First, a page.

sea-turtle – 海龜 – refers to a Chinese national who has studied abroad and is now back in China.
blowing-cows – 吹牛 – literally translates as blow (v) and cow (n) but it means to brag or talk big about oneself.
I thought I’d write a small piece on idioms and my thoughts on them.
A Chengyu (成語) is a form of idiomatic expression. They usually consist of four characters, but of course some are longer. Many Chengyu are used in everyday conversation, these examples are common and could be viewed as catchphrases. Here are some examples;
自由自在 – zi4 you2 zi2 zai4 – lit. free and easy; carefree/leisurely
首屈一指 – shou3 qu1 yi1 zhi3 – second to none/outstanding
一分爲二 – yi1 fen1 wei2 er4 – lit. one divides into two; there are two sides to everything/to see both sb’s good points and shortcomings
There are thousands of phrases like these ones. They are great if you are looking to improve your oral Chinese as after you have learned a few you will begin to listen out for them in daily conversations. I used to learn one a day, and jot down new ones in a little notepad. There is usually an interesting story behind the most common chengyus that can help you remember.
Others Chengyus are used in works of literature to enrich the imagery and conveyance of stylistic expression. Some Chinese families even hang them as works of calligraphy on their walls, or etch them into their paintbrushes and adopt them as personal maxims. It’s also not uncommon to see Chinese businesses adopting a chengyu they feel represents their company’s image.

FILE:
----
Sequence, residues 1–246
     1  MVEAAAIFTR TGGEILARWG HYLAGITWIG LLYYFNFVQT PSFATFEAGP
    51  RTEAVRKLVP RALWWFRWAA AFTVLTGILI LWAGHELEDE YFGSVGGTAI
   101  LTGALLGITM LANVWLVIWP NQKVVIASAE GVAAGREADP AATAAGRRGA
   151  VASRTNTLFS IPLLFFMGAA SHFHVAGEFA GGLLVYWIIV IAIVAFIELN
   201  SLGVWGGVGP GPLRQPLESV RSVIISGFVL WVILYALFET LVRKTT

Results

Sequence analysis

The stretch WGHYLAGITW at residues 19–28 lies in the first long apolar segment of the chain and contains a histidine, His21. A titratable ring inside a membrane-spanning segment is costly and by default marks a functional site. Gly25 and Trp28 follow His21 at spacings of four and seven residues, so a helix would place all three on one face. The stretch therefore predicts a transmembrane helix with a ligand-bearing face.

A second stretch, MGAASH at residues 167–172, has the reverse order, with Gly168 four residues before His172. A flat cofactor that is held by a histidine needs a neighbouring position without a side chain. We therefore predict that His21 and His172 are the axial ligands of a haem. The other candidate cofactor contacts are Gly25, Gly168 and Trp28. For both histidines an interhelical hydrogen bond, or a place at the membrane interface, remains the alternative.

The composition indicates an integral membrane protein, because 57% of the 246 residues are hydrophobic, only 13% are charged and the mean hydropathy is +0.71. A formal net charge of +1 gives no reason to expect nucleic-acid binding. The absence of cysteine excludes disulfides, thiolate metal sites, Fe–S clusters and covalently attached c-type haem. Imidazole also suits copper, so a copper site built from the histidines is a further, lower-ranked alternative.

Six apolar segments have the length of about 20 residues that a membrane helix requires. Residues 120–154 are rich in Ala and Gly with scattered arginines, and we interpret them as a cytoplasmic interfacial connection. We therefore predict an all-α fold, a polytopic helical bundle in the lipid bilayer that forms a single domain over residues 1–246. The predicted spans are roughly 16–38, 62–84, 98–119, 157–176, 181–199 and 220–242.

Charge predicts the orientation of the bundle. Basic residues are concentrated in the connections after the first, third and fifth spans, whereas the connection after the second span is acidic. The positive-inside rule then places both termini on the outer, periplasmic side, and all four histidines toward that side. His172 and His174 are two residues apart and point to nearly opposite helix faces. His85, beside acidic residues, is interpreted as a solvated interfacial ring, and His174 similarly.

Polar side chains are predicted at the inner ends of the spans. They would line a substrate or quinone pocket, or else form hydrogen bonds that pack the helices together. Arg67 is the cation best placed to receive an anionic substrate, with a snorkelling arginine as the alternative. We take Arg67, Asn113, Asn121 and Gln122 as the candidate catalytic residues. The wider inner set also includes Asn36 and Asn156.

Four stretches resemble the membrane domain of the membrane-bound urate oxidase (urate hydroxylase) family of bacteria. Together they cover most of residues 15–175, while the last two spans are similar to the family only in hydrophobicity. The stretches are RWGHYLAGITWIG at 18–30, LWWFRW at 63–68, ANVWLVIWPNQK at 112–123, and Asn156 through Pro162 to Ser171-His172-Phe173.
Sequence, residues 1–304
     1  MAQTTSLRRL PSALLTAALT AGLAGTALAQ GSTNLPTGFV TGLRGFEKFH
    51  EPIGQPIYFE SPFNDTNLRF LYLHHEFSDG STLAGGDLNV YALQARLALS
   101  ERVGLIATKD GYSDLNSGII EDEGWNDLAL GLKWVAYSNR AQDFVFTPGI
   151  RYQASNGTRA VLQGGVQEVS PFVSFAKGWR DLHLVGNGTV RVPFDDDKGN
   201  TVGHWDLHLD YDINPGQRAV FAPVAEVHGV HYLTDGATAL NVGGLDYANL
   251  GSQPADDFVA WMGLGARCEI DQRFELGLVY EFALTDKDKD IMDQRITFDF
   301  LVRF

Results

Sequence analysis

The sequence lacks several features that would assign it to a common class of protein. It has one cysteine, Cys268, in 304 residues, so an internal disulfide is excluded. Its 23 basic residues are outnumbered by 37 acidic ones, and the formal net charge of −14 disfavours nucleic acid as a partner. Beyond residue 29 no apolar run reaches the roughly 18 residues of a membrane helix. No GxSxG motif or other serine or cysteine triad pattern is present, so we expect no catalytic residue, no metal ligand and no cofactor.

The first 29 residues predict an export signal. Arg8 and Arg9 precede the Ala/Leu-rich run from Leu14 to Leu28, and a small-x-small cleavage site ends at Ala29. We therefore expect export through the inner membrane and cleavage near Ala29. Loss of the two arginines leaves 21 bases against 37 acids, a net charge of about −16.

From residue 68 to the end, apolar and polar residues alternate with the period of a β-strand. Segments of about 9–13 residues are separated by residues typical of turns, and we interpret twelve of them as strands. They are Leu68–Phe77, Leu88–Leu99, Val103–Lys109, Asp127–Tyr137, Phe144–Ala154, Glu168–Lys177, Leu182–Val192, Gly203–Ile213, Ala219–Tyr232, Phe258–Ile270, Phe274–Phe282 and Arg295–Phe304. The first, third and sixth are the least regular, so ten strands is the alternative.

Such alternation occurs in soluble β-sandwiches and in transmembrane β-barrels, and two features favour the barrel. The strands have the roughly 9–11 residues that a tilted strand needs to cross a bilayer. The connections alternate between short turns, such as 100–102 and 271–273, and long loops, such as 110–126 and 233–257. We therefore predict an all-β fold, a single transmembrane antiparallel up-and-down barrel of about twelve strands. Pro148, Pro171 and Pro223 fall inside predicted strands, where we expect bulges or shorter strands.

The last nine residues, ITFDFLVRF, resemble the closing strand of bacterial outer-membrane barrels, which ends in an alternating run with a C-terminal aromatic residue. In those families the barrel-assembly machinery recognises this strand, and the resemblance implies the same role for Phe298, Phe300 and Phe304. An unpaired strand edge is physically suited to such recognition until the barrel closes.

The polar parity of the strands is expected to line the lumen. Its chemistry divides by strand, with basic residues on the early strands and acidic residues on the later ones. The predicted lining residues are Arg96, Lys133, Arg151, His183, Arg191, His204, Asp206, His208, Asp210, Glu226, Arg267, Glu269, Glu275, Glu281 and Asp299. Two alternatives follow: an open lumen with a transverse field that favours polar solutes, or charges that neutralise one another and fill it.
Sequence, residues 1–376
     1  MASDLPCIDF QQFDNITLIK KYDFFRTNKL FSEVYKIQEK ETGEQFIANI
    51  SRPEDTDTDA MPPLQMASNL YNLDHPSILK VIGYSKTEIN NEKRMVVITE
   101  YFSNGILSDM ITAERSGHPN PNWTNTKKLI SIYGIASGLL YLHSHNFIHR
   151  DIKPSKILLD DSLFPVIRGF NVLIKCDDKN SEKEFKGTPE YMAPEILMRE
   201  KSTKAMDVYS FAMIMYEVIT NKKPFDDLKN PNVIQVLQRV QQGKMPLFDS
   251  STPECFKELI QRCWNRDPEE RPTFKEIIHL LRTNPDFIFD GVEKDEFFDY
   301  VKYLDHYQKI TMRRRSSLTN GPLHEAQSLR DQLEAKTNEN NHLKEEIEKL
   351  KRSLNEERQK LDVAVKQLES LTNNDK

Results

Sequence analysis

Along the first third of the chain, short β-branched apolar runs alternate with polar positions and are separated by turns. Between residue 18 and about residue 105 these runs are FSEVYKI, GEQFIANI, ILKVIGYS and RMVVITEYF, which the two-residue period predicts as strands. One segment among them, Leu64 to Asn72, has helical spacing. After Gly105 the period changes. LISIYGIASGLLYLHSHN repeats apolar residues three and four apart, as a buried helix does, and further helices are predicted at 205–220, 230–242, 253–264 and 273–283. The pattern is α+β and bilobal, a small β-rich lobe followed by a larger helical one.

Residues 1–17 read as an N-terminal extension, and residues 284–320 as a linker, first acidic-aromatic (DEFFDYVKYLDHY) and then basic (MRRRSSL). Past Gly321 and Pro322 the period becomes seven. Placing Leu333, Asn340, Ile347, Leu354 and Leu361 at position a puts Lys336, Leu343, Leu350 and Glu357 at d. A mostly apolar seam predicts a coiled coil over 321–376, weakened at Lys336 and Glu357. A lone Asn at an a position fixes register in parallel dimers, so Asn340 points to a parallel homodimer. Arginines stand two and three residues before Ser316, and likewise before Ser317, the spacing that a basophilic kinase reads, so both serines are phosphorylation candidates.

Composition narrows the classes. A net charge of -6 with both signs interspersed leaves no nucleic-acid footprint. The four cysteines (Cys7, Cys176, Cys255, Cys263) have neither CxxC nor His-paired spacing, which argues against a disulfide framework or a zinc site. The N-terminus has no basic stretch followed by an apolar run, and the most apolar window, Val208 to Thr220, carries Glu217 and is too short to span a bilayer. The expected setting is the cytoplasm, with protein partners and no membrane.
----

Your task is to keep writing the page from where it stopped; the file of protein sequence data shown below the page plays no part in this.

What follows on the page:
The best thing about Chengyu’s is many of them can be translated to English phrases, sometimes not directly but there is usually an equivalent English phrase. For example:
集腋成裘 – ji2 ye4 cheng2 qiu2 – lit. many hairs make a fur coat; many a mickle makes a muckle.
雨過天晴 – yu3 guo4 tian1 qing1 – lit. sky clears after the rain; every cloud has a silver lining.
冰山一角 – bing1 shan1 yi1 jiao3 – tip of the iceberg
The thing about learning Chengyus is they are all about personal preference. Different strokes for different folks. For me personally, some of chengyus make little sense as they express a meaning that is unique in Chinese culture. Yet, they are good for ‘showing’ off your Chinese. You can whip out a few at a business dinner or at a meeting to impress.
Some chengyus have variants, depending on where you go in China and dialects etc. For instance, the Chengyu 一成不變 (yi1 cheng2 bu4 bian4) meaning stuck in a rut/always the same, changes its meaning when translated into Cantonese. Cantonese speakers, especially Hong Kong residents use 一生不變 (yi1 sheng1 bu4 bian4 – yat sung bat bin) which conveys a good meaning of permanence and stability.
Learning the many different chengyus is a difficult task, so 加油！
只要成功夫深鐵杵磨成針 – If you work at it hard enough, you can grind an iron bar into a needle.